Delta Aquarid Meteor Shower Peaks This Weekend
The annual Delta Aquarid meteor shower peaks on the night of July 28 to 29, 2012. Watch for meteors radiating from the southeast after midnight. Expect to see up to 20 small, yellowish meteors per hour.
Credit: Space Telescope Science Institute, Office of Public Outreach

The annual Delta Aquarid meteor shower peaks this weekend, but skywatchers shouldn't get their hopes up for a dazzling show, experts say.

The Delta Aquarids should peak overnight from Saturday to Sunday (July 28 and 29) — bad timing, since the streaking meteors will be sharing the sky for much of the night with a bright moon.

This year's shower is "basically going to suck, as the peak will be only 4 days from the August 2 full moon," Bill Cooke, head of NASA's Meteoroid Environment Office at Marshall Space Flight Center in Huntsville, Ala., told SPACE.com via email.

Meteor showers can be awesome night sky sights, but how well do you know your shooting star facts? Find out here and good luck!
False-color image of a rare early Quadrantid, captured by a NASA meteor camera in 2010.
0 of 10 questions complete
Meteor Shower Quiz: How Well Do You Know 'Shooting ...
Meteor showers can be awesome night sky sights, but how well do you know your shooting star facts? Find out here and good luck!
False-color image of a rare early Quadrantid, captured by a NASA meteor camera in 2010.
0 of questions complete

While the Delta Aquarids are visible from all over the globe, viewers in the Southern Hemisphere tend to get a better show because the meteors appear to radiate from the sky's southern reaches. Indeed, they seem to originate near the bright star Delta Aquarius (in the constellation Aquarius), which is how the shower got its name.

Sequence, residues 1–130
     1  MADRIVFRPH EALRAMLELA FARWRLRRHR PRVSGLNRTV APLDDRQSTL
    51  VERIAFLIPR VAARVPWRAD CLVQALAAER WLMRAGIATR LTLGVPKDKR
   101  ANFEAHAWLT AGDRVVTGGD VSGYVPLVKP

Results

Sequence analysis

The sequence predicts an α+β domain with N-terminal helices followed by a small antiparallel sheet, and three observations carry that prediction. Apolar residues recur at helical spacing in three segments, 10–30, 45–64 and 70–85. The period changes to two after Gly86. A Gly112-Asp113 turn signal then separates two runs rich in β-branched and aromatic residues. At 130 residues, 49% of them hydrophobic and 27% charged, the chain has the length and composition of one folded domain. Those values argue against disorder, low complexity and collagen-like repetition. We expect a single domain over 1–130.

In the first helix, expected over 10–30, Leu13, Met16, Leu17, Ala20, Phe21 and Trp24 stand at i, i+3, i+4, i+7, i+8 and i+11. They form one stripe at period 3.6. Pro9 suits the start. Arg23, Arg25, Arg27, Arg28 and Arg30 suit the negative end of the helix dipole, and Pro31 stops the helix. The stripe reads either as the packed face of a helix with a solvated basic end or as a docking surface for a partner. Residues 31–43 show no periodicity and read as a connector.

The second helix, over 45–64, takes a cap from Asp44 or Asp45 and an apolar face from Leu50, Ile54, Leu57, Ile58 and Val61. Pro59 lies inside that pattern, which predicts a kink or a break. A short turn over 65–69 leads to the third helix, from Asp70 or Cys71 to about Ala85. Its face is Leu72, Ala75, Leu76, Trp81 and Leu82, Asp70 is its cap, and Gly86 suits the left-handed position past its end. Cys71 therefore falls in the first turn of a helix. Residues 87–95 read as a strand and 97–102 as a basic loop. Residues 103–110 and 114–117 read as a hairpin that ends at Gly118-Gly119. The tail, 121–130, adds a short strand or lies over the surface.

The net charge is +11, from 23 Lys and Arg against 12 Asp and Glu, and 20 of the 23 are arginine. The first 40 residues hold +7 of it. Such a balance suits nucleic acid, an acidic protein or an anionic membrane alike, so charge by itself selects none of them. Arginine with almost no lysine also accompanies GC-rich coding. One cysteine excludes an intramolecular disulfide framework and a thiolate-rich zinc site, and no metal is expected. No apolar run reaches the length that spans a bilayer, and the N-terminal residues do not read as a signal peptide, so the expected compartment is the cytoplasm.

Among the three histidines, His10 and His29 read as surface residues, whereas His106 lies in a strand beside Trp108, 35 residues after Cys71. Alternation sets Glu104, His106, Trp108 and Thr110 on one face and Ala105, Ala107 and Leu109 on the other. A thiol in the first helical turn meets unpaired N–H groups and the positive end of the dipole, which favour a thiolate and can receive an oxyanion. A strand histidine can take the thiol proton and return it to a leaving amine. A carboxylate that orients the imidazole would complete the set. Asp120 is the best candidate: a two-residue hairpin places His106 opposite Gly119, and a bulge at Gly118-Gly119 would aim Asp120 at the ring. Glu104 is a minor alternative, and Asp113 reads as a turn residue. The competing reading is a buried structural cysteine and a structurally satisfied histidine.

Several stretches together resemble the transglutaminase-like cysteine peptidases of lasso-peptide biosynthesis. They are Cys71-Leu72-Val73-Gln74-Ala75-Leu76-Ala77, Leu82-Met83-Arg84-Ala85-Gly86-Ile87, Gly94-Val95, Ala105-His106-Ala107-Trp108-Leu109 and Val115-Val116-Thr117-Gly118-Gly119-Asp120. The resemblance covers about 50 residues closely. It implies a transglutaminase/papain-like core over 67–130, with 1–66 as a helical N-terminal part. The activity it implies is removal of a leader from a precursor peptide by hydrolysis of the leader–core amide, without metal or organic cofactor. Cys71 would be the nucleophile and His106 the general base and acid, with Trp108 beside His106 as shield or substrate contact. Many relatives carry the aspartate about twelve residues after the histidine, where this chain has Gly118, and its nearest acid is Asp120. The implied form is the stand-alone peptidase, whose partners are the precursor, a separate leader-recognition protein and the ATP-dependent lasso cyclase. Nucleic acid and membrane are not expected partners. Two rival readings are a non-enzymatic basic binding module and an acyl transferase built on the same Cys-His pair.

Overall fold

At its peak intensity this weekend, the shower is expected to generate about 16 meteors per hour in a dark sky, Cooke said. But skywatchers will have to stay up late to get the full effect; the moon won't set until after midnight local time.

Meteor showers are generated when Earth plows through streams of debris shed by comets on their path around the sun. These particles burn up in our planet's atmosphere, leaving behind brief, bright streaks in the sky.

Scientists don't know the identity of the Delta Aquarids' parent comet for sure, but they have a few ideas. The most likely candidate is perhaps 96P/Machholz, a comet discovered in 1986 by amateur astronomer Don Machholz.

While the Delta Aquarids may be somewhat underwhelming this year, skywatchers have another shower to look forward to in just a few weeks. The Perseids, considered by many stargazers to be the best meteor display of the year, are due to peak overnight from Aug. 12 to 13.

Editor's note: If you snap an amazing photo of Delta Aquarid meteor shower and would like to share it with SPACE.com, send images and comments to SPACE.com managing editor Tariq Malik at tmalik@space.com.

Follow SPACE.com senior writer Mike Wall on Twitter @michaeldwall or SPACE.com @Spacedotcom. We're also on Facebook and Google+.